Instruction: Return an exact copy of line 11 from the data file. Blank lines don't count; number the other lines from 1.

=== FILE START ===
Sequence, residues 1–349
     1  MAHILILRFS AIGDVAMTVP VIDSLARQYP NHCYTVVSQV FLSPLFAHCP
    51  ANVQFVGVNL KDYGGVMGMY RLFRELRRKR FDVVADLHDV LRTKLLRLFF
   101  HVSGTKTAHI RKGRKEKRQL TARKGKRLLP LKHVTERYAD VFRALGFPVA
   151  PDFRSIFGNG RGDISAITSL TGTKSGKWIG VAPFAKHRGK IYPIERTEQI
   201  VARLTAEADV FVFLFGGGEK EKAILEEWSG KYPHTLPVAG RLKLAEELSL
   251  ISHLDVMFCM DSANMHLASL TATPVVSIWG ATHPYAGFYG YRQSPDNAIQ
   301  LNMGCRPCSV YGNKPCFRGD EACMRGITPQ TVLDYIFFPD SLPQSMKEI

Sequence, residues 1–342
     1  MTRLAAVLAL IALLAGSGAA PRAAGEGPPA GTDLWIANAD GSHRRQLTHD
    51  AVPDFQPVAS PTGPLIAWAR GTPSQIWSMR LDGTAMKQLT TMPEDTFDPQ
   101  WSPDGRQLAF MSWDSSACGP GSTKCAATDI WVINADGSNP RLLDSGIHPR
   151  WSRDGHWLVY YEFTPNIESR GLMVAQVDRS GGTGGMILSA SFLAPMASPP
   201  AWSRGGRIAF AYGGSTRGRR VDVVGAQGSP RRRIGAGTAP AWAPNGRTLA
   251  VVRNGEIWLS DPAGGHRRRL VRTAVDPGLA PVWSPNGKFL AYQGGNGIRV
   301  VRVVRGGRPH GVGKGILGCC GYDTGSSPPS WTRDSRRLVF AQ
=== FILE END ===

    51  AVPDFQPVAS PTGPLIAWAR GTPSQIWSMR LDGTAMKQLT TMPEDTFDPQ